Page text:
Cut to 2023, and the Surat court found him guilty. Judicial Magistrate Verma suspended the sentence, and Gandhi got bail. He now has 30 days to appeal in a higher court though the conviction is still valid.
Defamation can be a slippery slope. In India, it can be a civil or criminal offence. If it’s a civil case, then monetary compensation will suffice. If it’s a criminal case, it’s jail time to serve as a deterrent to others. Another important note in a criminal case is defamation should be established without a reasonable doubt.
Section 499 of the IPC describes the spoken, written, symbolic, and visual forms of defamation. These can either be published or said with the intent to damage a person’s reputation. Section 500 stipulates imprisonment of up to 2 years with or without a fine for the guilty.
Following the defamation verdict, Gandhi was disqualified as an MP. The disqualification of an MP convicted for an offence can happen in two instances. First, if the offence is listed in Section 8(1) of the Representation of the People Act of 1951. It includes promoting enmity between different groups, bribery, etc. Second, if the lawmaker is convicted of any other offence and sentenced to two or more years.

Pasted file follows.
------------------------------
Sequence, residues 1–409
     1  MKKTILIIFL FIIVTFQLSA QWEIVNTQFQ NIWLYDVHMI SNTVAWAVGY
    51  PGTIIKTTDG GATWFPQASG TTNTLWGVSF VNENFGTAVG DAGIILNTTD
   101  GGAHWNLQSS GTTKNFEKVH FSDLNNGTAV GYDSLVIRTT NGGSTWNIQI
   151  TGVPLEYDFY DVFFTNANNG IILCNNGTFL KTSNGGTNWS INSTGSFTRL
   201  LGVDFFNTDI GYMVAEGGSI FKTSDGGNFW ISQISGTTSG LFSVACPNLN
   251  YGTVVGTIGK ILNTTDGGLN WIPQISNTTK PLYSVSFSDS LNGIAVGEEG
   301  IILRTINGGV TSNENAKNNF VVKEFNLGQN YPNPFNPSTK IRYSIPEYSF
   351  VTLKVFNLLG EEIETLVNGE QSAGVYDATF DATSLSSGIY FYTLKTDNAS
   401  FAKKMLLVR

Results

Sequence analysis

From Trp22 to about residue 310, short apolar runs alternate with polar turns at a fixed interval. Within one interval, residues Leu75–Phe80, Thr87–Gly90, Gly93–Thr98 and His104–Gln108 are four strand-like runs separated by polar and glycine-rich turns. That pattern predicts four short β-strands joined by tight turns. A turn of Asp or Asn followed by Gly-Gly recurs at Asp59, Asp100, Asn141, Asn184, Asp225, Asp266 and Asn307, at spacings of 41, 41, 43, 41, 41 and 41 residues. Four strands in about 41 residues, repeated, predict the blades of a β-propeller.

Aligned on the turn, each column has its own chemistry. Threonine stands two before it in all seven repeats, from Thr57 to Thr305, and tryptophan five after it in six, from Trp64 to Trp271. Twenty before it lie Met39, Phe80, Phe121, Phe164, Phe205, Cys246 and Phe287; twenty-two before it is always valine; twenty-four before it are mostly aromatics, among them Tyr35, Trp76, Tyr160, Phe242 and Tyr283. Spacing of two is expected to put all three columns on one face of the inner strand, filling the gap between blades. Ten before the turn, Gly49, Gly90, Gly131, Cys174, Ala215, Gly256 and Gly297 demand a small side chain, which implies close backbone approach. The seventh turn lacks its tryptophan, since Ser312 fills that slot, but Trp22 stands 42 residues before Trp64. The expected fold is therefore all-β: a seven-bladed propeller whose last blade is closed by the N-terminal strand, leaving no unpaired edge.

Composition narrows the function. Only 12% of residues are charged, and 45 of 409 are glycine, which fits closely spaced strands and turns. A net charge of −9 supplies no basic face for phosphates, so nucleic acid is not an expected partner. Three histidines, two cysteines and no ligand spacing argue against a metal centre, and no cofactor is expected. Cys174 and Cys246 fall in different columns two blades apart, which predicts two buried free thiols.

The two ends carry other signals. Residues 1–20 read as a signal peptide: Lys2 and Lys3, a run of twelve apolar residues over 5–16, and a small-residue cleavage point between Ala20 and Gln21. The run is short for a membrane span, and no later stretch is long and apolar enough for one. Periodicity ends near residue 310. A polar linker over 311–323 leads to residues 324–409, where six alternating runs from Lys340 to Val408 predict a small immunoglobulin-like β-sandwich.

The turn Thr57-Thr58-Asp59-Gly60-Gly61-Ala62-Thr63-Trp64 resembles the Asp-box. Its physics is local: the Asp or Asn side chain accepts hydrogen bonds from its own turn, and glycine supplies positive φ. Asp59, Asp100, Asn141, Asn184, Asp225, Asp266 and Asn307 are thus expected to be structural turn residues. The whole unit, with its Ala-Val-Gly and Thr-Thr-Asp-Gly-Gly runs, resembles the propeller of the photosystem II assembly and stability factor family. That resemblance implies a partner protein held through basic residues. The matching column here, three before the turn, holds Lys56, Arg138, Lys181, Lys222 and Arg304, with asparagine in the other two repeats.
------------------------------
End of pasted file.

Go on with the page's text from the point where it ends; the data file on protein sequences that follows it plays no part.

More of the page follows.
There’s an unusual aspect of this case that needs to be noted. Purnesh Modi sought a stay from the high court last year. He succeeded in delaying it for nearly a year. Usually, it’s the accused who seeks a stay. Modi returned to the court last month and wanted the stay dismissed after stating that sufficient evidence was available. Another question that has gone unanswered is, why was the magistrate changed last month?